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U's threaten to take Canaries to tribunal

PUBLISHED: 11:00 19 August 2009 | UPDATED: 11:35 06 July 2010

New manager Paul Lambert chats with chief executive David McNally at Brentford.

New manager Paul Lambert chats with chief executive David McNally at Brentford.

Chris Lakey

The new ruthless streak at Norwich City was in evidence again yesterday as chief executive David McNally got his man - Colchester United's Paul Lambert.

The new ruthless streak at Norwich City was in evidence again yesterday as chief executive David McNally got his man - Colchester United's Paul Lambert.

Colchester, whose 7-1 win at Carrow Road 11 days ago ironically helped create the vacancy which has cost them their manager, claimed last night that the two clubs were “six figures apart” in the negotiations over compensation.

They are clearly upset at the way they have lost not only Lambert but two of his key backroom staff - former Canary Ian Culverhouse and football operations manager Gary Karsa.

While Norwich - who sacked Bryan Gunn on Friday - are claiming that discussions over backroom staff are continuing, Colchester have stated that Culverhouse and Karsa are already on their way to Carrow Road.

They are now trying to get City to agree to a clause stopping Lambert going back to the Weston Community Stadium to recruit any players before the end of the season - and were last night threating to take City to a tribunal if they do not get satisfaction over compensation.

“We believe there has been a breach of League regulation 20, so unless compensation can be agreed, we will go to tribunal,” said U's chief executive Steve Bradshaw. “We are six figures apart in terms of compensation at the moment.

“Norwich's figure is reflected in the change in salary (of Lambert), but it does not take into account the significant disruption that follows a new manager coming in. Paul brought in eight or nine of his own players, and the new manager might not like them. Big costs are involved, not just the salary of a manager.

“Paul has brought in some very good players, so it's frustrating that having done all that, he should decide to leave.

“They were reluctant to grant permission,” admitted McNally. “I may have been a bit concerned if they had made it easy for me - but they did not want to lose their man. It was with a great deal of reluctance that they agreed to allow our football club to talk to him.

“Paul and I will sit down tomorrow to discuss players and we will also discuss backroom staff and what he will need to help him.”

Colchester chairman Robbie Cowling revealed that the first he knew of City's interest whas when Canaries chairman Alan Bowkett phoned him on Saturday, 30 minutes after the U's had won against Yeovil - to ask for permission to appoint him.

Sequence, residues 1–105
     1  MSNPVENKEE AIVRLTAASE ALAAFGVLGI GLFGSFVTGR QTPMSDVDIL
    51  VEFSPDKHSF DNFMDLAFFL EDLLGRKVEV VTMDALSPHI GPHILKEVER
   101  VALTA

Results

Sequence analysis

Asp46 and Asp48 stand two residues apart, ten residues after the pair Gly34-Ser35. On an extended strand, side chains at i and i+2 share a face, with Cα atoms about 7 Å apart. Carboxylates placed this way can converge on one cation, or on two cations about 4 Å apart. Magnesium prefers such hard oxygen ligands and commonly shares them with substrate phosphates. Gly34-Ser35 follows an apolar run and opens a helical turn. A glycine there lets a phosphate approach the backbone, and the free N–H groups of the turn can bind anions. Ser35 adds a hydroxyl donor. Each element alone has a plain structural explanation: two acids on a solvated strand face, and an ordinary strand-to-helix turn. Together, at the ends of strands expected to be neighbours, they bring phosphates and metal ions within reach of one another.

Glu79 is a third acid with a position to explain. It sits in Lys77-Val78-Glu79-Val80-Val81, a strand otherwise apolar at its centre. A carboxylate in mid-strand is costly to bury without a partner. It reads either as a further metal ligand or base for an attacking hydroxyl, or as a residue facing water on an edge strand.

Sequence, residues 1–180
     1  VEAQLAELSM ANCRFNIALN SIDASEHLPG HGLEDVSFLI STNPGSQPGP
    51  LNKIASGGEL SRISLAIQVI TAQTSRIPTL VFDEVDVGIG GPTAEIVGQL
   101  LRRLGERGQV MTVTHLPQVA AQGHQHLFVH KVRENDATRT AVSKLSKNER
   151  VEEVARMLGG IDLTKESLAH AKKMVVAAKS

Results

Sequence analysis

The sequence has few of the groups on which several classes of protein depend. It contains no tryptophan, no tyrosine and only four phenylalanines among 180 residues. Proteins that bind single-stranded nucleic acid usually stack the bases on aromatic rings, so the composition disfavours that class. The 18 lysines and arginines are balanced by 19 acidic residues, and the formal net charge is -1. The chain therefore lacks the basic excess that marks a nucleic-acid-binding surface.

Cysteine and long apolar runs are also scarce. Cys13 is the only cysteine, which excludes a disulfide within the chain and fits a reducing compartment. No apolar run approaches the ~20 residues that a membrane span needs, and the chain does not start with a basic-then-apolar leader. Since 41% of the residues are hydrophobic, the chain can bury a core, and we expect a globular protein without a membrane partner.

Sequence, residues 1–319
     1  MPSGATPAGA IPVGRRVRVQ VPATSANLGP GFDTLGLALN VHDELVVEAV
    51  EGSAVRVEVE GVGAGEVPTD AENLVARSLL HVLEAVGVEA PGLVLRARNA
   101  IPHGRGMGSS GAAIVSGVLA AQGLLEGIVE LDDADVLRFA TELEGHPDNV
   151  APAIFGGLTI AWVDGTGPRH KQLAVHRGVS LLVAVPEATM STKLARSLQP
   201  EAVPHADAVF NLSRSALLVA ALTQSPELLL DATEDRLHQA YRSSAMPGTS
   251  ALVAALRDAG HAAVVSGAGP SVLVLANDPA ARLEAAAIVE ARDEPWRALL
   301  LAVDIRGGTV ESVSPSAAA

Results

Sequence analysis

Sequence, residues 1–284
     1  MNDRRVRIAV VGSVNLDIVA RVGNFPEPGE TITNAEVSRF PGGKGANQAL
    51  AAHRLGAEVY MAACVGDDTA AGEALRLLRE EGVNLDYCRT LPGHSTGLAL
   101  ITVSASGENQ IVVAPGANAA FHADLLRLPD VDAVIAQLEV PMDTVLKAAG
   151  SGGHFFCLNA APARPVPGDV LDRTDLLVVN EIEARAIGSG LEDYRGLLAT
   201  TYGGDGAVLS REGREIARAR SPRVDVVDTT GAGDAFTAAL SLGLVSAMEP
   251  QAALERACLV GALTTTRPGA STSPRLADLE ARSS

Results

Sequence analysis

“I was a bit taken aback because it was a strange request at a strange time,” he said. “We had just finished our game, I was just enjoying our status as league leaders and clubs normally ask permission to interview managers first.

“All over the weekend and for most of yesterday I have had many conversations with Paul regarding the Norwich request.

“Although I was extremely disappointed that he wanted my permission to accept their offer I could also understand his desire to progress to what most would perceive as a bigger club. For that reason I agreed to talk with Norwich to see if we could agree reasonable compensation for a manager of Paul's ability.

“I had a number of conversations with Norwich CEO Dave McNally which resulted in me turning down Norwich's request for permission to appoint Paul.

“The Norwich offer was strange because they insisted that they had decided to offer Paul the position without conducting an interview.

“On Monday morning, Paul was understandably frustrated by the failure of the clubs to reach an agreement and he informed me that he was finding it difficult to focus on his role at Colchester United.

“For that reason I agreed that Norwich could interview Paul, but could not offer him employment or in any other way directly or indirectly induce him to breach his contract until they had agreed compensation with us.

“I met again with Paul last night and he handed me his resignation. This morning both Ian and Gary have also provided the club with written notice.

“On an upbeat note I am confident that with the help of my fellow directors and staff I will shortly be appointing a new manager who is equally, if not more, talented than Paul Lambert.”

First team coach Joe Dunne took charge of the U's as caretaker manager as they maintain their perfect record with a home win over Gillingham.

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